“Yes, but your right to swing your arm leaves off where my right not to have my nose struck begins.”
The pain. Ah, the pain when the world swings to the right and the unholy alliance of Donald Trump and Katie Hopkins acts as a clarion call for majority groups for whom free speech is being censored, minority groups are in the back yard and something about “robust, healthy debate”. Etcetera, etcetera, etcetera.
The concept of the safe space was born in a different time, I know this. Borne of early LGBT and feminist movements, the safe space became a comforting hub for people who had suffered at the hands of those who at best disagreed with LGBT or feminist lifestyles, and at worst, had been attacked, publicly abused or physically assaulted by those who wished to see alternate lifestyles eradicated. Over time, the safe space has been used extensively on university campuses to protect the vulnerable. High profile cases of speakers being turned away because they might offend mean that the safe space has been ridiculed as a politically-correct mechanism to censor viewpoints and to bring down free speech. Safe spaces create marshmallow students who fail to learn what it means to exist in a big, bad world.
This is all very hard on a girl that is known colloquially as ‘Red Bennie’ – a girl that attended one of the most left-wing universities in the country and grew into an adult learning about liberation groups and safe spaces. I was fascinated. For the first time in my life, I was surrounded by debate and thought about identity and society. My goodness, it takes my breath away how lovely it was being young and fired up – and safe enough to be amongst those who had opinions about what was right and good and fair.
I supported the ‘No Platform For Fascists’ policy at Warwick Students’ Union. Who did we prevent from appearing? Far-right speakers from all walks of life – people who we believed didn’t care for the debate, only the publicity. People who had a track record of saying awful things and we said no to that on our space. Not because we don’t want a debate, not because we were scared of it or offended, but because we shared a common belief. We disapproved. And that was our choice. But we didn’t just decide, we debated. We thought.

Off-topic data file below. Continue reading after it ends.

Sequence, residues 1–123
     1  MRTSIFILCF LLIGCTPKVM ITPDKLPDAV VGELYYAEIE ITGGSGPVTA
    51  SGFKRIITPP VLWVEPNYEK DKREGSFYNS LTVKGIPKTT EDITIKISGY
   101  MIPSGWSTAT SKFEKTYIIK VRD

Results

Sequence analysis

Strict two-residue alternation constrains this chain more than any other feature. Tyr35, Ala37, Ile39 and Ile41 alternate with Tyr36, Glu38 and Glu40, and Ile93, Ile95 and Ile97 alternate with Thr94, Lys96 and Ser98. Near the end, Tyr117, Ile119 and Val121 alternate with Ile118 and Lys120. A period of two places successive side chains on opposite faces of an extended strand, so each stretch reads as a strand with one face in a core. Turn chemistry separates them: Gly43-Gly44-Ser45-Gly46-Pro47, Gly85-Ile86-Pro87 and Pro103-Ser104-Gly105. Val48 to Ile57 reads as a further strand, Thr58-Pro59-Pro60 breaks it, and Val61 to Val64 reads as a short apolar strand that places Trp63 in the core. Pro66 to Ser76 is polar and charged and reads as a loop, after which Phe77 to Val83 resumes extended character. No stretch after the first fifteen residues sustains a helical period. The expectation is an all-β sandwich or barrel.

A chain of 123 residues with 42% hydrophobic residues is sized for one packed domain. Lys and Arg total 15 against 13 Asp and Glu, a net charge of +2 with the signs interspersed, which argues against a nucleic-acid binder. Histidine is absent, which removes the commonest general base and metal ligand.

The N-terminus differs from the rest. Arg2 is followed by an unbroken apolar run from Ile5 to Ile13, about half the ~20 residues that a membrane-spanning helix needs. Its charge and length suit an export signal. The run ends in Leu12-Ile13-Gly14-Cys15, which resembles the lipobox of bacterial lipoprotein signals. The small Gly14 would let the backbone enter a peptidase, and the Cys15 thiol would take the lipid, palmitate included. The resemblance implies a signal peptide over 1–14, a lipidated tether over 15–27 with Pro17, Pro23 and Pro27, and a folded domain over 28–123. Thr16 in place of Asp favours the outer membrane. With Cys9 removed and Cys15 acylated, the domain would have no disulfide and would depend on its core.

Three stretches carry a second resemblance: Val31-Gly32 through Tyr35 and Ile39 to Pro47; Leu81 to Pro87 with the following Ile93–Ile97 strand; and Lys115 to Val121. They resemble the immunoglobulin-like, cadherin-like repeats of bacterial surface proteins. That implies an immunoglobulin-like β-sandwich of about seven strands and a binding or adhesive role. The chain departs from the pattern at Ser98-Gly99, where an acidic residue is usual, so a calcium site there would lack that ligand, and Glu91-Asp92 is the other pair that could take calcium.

There is a brilliant article on Al-Jazeera America on the issue of safe spaces on college campuses – you can find it here. In the meantime, one sentence really rings out as true for me: “But what all these critiques get wrong is that they assume “safe” means homogeneous in thought. The reality is that these safe spaces are actually brimming with debate; for many minority students, they are the first place where anyone has ever let them speak about their experiences.”
But for me, the safe space was not about censorship, it was about protection. It was about providing a different space to the one outside the walls where people swinging their fists didn’t care who they were smacking.
And I knew I wasn’t even someone who needed that safe space the most. I learned very quickly that a woman who has been raped might not want to debate whether the length of her skirt determined her fate. I learned that the trans student who was assaulted on his way home didn’t want to debate whether he was really a man or a woman. I understood that the black student who put up up with people touching her hair “just to see what it feels like” didn’t want to listen to the validity of the term ‘micro-aggression’. I know that the Muslim student spat at on the bus might not want to listen to a speaker from Britain First in the interests of healthy debate.